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Black-bone birds bring in big bucks

By FENG ZHIWEI in Changsha and ZHANG XIAOMIN | China Daily | Updated: 2022-03-18 10:53

Yang Yilin shows a Xuefeng black-bone chicken he raised at the Laoyawo ecological farm in Shaoyang, Hunan province. [Photo provided to China Daily]

As soon as the Spring Festival holiday ended, workers at the Laoyawo ecological farm in Shaoyang, Hunan province, got busy again raising a particular kind of chicken.

During the shopping rush leading up to the holiday, about 10,000 Xuefeng black-bone chickens valued at over 1 million yuan ($157,200) were sold through online stores and delivered to customers across the country, according to Yang Yilin, founder of the farm.

The Xuefeng black-bone chicken is a famous local specialty. Yang's farm, located on the eastern slopes of the 1,030-meter Xuefeng Mountain, is shrouded in cloud and fog all year.

He and his fellow workers raise 50,000 chickens on the mountain. Annual online sales total about 5 million yuan.

Like most children born in remote rural areas, Yang dreamed of going to college and leaving his hometown. After 10 years of study, he realized that dream, obtaining a master's degree in pharmacology at Sun Yat-sen University in Guangdong province. He went on to find work in drug research and development in Shenzhen, Guangdong's southern metropolis.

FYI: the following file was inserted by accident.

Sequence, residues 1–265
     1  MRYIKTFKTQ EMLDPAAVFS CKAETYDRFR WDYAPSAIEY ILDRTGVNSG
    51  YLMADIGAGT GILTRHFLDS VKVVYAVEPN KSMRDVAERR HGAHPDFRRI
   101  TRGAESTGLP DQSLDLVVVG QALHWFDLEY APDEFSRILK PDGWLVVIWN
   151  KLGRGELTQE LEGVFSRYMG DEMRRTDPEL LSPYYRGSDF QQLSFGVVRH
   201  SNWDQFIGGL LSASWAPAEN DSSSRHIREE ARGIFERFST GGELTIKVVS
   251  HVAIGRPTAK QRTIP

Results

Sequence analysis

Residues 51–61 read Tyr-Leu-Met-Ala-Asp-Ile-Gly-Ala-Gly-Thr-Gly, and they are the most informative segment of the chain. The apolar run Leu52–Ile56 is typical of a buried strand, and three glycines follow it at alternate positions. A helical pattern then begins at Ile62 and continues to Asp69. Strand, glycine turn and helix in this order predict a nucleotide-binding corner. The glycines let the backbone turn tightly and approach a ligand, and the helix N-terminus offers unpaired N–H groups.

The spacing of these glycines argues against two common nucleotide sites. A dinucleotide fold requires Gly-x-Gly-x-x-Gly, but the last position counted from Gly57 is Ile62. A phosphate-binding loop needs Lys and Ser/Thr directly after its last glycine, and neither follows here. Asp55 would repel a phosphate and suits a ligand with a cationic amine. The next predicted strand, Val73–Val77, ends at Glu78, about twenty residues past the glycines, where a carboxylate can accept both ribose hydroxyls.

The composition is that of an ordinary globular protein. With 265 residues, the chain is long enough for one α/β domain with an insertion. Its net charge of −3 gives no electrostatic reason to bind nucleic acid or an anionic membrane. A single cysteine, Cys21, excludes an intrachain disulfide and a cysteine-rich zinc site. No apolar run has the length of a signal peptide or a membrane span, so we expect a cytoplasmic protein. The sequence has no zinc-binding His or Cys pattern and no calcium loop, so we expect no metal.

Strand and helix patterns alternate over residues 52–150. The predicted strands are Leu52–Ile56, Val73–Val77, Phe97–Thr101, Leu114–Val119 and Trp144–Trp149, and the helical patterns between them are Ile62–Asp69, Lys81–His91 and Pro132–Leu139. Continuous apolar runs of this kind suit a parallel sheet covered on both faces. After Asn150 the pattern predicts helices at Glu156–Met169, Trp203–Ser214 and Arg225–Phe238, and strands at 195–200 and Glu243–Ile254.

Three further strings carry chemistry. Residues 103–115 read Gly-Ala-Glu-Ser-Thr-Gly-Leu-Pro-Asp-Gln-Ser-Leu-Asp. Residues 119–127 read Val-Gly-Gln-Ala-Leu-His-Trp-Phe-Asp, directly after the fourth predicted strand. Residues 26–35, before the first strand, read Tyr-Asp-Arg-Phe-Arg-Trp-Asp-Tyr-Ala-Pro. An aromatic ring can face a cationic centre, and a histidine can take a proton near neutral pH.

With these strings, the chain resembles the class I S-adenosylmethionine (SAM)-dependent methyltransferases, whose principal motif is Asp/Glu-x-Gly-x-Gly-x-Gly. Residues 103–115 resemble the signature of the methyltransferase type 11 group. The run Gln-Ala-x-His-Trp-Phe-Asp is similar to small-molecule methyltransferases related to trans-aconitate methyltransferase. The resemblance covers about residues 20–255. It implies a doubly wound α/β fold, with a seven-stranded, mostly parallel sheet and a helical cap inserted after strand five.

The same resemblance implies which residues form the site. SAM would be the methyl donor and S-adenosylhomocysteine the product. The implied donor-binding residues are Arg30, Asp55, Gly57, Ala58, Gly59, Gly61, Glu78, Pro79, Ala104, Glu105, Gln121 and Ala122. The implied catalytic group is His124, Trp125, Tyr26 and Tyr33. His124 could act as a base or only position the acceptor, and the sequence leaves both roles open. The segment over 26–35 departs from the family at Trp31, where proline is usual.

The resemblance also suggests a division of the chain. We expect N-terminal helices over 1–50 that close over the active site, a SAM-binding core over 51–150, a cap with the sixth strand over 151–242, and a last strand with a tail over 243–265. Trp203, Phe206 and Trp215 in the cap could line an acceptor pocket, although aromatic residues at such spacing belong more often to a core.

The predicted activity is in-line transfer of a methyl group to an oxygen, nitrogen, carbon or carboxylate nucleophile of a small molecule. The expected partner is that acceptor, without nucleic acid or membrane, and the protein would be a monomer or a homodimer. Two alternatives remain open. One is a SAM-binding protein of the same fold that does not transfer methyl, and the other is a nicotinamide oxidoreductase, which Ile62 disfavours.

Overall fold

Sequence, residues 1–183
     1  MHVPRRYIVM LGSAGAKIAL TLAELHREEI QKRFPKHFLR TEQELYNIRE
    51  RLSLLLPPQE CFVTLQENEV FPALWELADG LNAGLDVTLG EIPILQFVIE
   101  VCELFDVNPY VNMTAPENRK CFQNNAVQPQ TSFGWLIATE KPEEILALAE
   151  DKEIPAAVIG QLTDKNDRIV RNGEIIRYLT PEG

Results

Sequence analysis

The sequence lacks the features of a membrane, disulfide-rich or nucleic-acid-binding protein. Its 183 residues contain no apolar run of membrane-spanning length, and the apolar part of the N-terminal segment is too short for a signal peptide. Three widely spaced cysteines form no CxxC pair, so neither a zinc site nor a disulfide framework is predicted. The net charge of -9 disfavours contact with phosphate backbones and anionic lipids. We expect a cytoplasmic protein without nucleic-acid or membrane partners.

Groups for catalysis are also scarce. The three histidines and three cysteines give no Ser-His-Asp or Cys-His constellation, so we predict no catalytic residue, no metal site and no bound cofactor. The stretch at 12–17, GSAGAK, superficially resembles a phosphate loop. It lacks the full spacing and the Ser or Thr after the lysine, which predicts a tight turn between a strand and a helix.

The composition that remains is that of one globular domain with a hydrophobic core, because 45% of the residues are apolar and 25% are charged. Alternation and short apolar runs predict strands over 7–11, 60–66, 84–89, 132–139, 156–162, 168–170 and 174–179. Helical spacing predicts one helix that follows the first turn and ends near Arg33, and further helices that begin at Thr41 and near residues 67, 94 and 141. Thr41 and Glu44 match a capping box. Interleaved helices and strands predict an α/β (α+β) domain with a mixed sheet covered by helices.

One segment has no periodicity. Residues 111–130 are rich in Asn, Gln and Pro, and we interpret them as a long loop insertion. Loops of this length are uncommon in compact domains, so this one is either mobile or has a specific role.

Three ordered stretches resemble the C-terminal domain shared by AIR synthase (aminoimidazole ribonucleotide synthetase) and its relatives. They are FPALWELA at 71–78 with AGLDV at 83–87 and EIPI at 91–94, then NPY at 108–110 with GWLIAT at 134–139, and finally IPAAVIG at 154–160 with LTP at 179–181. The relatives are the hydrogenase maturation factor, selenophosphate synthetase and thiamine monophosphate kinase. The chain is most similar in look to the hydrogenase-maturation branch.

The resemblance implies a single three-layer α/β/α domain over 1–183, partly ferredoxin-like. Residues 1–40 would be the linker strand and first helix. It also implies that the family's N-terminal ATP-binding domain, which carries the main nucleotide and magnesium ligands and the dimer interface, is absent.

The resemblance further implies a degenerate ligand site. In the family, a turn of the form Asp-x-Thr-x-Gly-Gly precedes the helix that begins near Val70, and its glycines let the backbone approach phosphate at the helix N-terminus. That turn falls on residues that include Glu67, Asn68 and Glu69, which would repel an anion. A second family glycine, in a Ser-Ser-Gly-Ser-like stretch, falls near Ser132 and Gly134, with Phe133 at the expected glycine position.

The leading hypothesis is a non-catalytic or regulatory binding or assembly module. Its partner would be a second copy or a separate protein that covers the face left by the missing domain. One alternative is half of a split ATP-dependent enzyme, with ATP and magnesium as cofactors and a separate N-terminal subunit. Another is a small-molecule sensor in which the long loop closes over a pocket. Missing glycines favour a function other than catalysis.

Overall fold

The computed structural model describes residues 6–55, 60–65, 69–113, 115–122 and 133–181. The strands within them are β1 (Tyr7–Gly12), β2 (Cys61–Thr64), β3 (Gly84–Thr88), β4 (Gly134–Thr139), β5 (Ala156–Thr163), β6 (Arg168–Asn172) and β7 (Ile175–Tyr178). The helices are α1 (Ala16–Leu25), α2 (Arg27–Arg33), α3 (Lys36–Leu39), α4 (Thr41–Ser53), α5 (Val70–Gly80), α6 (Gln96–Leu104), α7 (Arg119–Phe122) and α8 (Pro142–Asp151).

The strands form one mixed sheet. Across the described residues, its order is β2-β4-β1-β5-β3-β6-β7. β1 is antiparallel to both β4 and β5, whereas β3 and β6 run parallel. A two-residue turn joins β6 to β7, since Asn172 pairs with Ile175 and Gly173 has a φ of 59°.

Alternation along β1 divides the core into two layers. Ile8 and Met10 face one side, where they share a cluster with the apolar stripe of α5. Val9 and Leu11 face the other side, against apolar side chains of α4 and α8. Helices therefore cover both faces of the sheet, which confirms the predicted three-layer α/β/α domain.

However, in 2012, Yang quit his job, where he earned 150,000 yuan per year, and returned to his hometown-Shuangying village, in Hunan's Longhui county.

That year, the state introduced a number of measures, including interest-free loans and startup subsidies, to encourage college students to return to their rural hometowns and start their own businesses. Yang decided to take advantage of the measures and start a farm to raise chickens.

The villagers could not understand him. They believed the effort was a waste of his talent.

But Yang's parents firmly supported him. They even allowed him to set up a henhouse on their land.

"Our village was very poor," Yang said. "The longer I stayed outside, the more I wanted to go back and do something for my hometown with the knowledge I had gained. My parents understood that."

In fact, he hasn't let his university education go to waste, as it has helped him with his business.

For example, when the chickens have respiratory problems due to the changeable climate in the mountainous area, the pharmacology graduate mixes Chinese medicinal herbs into their drinking water.

The chickens are raised under natural breeding conditions and bred under scientific epidemic prevention measures.

"During the growth process, they're not injected with or fed any hormones to ensure their natural growth cycles last longer than a year," Yang said.

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